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That ain’t snow on Mars

That ain't snow on Mars
Click for original image.

Today’s cool image proves once again that you must never too quickly jump to any conclusions when you first look at a picture from space. The photo to the right, cropped, reduced, and sharpened to post here, was taken on November 24, 2022 by the high resolution camera on Mars Reconnaissance Orbiter (MRO).

At first glance it appears that those ridges are topped with patches of snow or frost. Not. What appears white in this black and white photo is immediately revealed to be light-colored dust in the color image.

According the label assigned to this image by the science team, these ridges represent layers, likely tilted steeply so that when exposed they form the layered cliff edges where that light dust has now gathered.

The overview map below provides further evidence that the white patches are dust, not snow.

Overview map

The white dot just north of the 30 degree latitude line marks the location of these ridges. As it sits on the inside edge of the dry equatorial regions of Mars, and also sits at a high elevation where things are also much dryer, this is further evidence suggesting that the patches are dust, not frost or snow.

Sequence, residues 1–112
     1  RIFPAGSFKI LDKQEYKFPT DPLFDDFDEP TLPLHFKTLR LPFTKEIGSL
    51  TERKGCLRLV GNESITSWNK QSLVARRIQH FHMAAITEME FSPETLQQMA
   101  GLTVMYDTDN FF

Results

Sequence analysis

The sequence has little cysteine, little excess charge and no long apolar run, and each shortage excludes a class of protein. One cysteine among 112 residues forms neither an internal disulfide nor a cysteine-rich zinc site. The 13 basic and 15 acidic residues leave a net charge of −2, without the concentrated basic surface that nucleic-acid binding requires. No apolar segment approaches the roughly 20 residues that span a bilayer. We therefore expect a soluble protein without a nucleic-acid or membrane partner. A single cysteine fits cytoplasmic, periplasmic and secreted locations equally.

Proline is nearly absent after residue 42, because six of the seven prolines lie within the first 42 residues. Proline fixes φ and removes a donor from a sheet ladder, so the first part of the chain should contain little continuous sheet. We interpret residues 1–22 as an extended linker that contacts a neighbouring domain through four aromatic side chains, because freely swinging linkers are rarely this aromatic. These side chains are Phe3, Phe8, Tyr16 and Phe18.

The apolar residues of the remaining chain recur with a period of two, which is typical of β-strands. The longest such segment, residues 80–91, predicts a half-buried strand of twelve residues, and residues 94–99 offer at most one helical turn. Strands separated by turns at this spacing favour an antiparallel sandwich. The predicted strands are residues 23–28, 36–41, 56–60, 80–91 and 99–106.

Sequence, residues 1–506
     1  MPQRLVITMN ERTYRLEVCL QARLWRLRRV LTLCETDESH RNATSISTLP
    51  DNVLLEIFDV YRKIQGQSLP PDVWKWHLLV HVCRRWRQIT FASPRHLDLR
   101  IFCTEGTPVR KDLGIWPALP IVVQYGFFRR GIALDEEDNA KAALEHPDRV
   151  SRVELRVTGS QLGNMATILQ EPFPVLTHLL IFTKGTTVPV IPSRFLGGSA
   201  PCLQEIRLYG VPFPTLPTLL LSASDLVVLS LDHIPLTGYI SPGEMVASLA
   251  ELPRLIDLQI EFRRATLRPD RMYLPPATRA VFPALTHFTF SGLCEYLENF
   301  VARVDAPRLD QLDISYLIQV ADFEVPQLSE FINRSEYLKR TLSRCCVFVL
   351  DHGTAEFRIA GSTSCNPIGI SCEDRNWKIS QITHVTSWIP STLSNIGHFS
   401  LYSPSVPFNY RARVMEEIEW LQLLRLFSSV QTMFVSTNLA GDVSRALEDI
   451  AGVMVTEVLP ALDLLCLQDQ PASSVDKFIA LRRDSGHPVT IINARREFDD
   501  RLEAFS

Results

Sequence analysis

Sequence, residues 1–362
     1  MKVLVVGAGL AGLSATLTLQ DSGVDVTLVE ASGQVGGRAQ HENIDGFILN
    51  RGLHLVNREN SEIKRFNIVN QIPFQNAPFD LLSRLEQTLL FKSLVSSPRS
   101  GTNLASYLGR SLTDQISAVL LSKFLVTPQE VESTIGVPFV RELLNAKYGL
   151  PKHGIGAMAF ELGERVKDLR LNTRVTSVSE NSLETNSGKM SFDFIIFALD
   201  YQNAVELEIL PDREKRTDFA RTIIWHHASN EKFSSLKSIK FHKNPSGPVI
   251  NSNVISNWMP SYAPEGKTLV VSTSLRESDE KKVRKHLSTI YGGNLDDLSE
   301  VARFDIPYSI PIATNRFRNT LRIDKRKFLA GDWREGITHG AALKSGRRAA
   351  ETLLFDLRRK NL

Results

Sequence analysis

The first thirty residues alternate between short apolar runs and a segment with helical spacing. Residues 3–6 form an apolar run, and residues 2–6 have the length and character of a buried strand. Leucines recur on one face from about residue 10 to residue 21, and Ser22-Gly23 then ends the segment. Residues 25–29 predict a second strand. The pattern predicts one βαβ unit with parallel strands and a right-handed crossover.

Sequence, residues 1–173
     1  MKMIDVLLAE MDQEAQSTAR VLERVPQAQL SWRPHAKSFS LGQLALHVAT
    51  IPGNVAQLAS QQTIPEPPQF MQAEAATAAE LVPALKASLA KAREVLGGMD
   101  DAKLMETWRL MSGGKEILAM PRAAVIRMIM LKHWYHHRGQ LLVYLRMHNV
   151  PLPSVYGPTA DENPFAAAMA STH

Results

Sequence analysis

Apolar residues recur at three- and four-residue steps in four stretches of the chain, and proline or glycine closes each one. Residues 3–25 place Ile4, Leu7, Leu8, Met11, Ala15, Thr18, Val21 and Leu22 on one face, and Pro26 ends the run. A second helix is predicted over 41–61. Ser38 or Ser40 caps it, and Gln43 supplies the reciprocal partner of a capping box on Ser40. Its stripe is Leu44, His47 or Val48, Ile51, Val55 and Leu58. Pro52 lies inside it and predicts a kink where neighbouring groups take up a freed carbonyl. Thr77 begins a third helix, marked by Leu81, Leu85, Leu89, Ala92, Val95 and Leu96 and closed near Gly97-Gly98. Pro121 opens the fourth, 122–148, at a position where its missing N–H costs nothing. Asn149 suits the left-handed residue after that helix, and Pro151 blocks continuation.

These ridges are inside the cracked region dubbed Claritas Fossae, a land of many parallel north-south cracks and bulges that likely caused by the upward push of this whole volcanic landscape. The layers also probably represent different lava flood events from different volcanic eruptions, though the source of that lava is entirely uncertain.

One last detail: As the dust appears to favor the western sides of these ridges, it suggests the prevailing winds at this location, at this time, are from the west. Whether this climate pattern is long term, or recent, is of course unknown.

Genesis cover

On Christmas Eve 1968 three Americans became the first humans to visit another world. What they did to celebrate was unexpected and profound, and will be remembered throughout all human history. Genesis: the Story of Apollo 8, Robert Zimmerman's classic history of humanity's first journey to another world, tells that story, and it is now available as both an ebook and an audiobook, both with a foreword by Valerie Anders and a new introduction by Robert Zimmerman.

The ebook is available everywhere for $5.99 (before discount) at amazon, or direct from my ebook publisher, ebookit. If you buy it from ebookit you don't support the big tech companies and the author gets a bigger cut much sooner.

The audiobook is also available at all these vendors, and is also free with a 30-day trial membership to Audible.

"Not simply about one mission, [Genesis] is also the history of America's quest for the moon... Zimmerman has done a masterful job of tying disparate events together into a solid account of one of America's greatest human triumphs."--San Antonio Express-News

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